Advice For Dallas Home Buyers - M Streets Home Tour
Some of the best REALTORS® in Dallas hosted a tour in one of the area's most coveted zip codes this weekend - Dallas's M Streets. We stopped in to visit the 14 homes for sale and their listing agents. Not only did we get to visit some fantastic homes, but we got some great advice for home buyers looking to enter the market this spring.
"Being educated in this market is powerful."
- Mandy Mahoney, Compass
What are the pros of buying a home during the busy spring season?
Kyle Baugh: The biggest pro in the spring season is that there's so much more inventory. If somebody doesn't have to list their home at a certain time, they're going to list it in the spring because they know that's when there are the most buyers. Versus in the winter, when you may have one or two properties show up on your search every week, in the spring you'll have eight to ten. If you want options, spring is when you get the options. Also, you get to see the home in the best light - springtime, the flowers are out, the weather is great.
Mandy Mahoney: The best part of being a buyer in the spring season is seeing all the great new inventory come onto the market. Much like the seasons, there's a hibernation period, and then this is the time when everyone is listing.
Eve Holder: Whenever you start buying in the spring and summer, the benefit to the buyer is that you have more options. The negative is that you have more buyers to compete with.For those of you who feel like the market is changing, I want to clarify that we've been in a not normal market for about 5 years. So anything that you're feeling in our market, if it's anything different than it has been in the last 5 years - it's normalizing.
Laurie Welch: The biggest pro is all the inventory. A lot of people wait to put their house on the market until March, April, and even May because it's the end of school season, and that helps people to be able to close and move after school.
What mistakes should home buyers try to avoid in 2019?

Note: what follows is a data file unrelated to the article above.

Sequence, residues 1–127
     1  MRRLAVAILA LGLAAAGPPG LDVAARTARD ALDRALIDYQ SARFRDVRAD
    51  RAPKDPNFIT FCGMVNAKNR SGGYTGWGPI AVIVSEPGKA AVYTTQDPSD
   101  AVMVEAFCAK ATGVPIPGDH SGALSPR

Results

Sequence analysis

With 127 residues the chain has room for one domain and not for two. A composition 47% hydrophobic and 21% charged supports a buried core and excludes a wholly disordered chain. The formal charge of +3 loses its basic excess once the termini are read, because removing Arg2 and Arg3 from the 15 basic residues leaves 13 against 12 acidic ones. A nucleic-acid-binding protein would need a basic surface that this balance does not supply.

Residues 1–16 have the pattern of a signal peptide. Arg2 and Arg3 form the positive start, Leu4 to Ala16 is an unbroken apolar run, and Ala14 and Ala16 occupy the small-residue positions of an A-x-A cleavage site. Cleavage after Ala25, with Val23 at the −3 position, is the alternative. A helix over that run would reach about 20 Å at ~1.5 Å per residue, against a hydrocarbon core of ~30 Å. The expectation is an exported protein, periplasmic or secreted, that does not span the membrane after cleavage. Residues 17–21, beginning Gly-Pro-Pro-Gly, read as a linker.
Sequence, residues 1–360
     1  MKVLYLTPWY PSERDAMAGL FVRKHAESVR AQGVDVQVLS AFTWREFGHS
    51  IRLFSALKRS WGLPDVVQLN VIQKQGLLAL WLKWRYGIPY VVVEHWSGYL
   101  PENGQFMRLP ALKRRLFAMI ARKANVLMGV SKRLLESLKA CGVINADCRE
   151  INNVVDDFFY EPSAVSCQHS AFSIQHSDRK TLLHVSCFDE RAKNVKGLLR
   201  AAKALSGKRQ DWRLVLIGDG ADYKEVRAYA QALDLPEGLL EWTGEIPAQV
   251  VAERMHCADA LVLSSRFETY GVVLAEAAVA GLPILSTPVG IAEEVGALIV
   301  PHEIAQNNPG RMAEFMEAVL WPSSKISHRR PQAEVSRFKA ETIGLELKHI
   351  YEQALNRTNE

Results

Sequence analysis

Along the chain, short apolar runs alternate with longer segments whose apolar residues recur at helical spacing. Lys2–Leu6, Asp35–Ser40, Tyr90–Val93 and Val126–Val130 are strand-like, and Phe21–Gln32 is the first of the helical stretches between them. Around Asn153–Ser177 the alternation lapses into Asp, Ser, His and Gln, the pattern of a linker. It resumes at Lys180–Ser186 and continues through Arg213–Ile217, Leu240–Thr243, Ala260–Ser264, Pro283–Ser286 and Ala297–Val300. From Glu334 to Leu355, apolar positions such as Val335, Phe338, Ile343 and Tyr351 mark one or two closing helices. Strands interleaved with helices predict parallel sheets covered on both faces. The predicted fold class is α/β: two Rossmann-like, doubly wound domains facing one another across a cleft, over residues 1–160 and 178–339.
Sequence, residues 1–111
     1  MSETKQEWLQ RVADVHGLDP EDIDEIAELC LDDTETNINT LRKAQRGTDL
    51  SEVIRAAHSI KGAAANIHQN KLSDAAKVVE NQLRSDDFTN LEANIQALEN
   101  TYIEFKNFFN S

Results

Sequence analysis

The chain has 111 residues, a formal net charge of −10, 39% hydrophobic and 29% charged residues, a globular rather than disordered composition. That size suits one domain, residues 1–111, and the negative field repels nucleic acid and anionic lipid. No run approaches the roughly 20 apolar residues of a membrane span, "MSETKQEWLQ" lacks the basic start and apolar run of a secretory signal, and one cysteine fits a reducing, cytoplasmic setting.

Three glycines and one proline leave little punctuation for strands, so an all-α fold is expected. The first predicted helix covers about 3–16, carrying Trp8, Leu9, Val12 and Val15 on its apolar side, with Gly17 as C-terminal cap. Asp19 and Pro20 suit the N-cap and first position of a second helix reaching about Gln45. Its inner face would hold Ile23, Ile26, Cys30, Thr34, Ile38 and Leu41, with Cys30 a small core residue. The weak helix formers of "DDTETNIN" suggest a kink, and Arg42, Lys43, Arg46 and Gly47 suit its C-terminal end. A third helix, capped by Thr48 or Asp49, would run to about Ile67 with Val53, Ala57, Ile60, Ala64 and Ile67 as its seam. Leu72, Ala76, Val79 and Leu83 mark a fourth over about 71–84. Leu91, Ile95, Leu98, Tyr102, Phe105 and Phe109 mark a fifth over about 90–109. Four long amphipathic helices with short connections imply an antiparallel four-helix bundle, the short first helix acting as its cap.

Courtney Michalek: Not asking enough questions. Because this is a competitive market and everyone wants to get their offer in, but it's important to ask a lot of questions, ask for repairs on things, etc.
Laurie Welch: I think the biggest mistake people are making is relying on Zillow and Realtor.com and all those, and taking them as fact,. You really need to get with an agent, someone you trust and really want to partner with. I would say about a third of my transactions are done off market. Really good agents are privy to so much information that Zillow and others - and they're great sites to educate yourself with, I'm not saying don't look online, because they're wonderful. They really give the buyer power and knowledge. But agents are privy to a lot of things that they are not.
Mandy Mahoney: There's been a little bit of a shift in our market - not in a bad way - but some buyers are maybe waiting a little too long to make a decision, assuming that these houses are going to sit on the market, and they're not. Other buyers are coming out - so make sure, if it's something you like, make an offer.
Eve Holder: In a changing market, I think that you have to listen to your Realtor. Because as Realtors, it's not our house, it's not our mortgage, and we don't care which house you buy - we want you to buy the house that's right for you. So if your agent is giving you advice with regard to pricing and things of that nature, listen to them. Because we sell houses all year long, and this might be your first house, or one of a few that you ever buy - so trust your Realtor.
Scott Jackson: Waiting because you think something is going to get better. When you see something you like, you need to be able to make a move on it.
I've decided to buy a home, what's the very first thing I should do?
Mandy Mahoney: Oh my gosh, get pre-approved - please! Either your agent or I can help you find a great lender.
Scott Jackson: Talk to the lender. Get yourself qualified and make sure you can write a contract that's a little bit cleaner. You'll be able to negotiate better if you get all your lending stuff in place.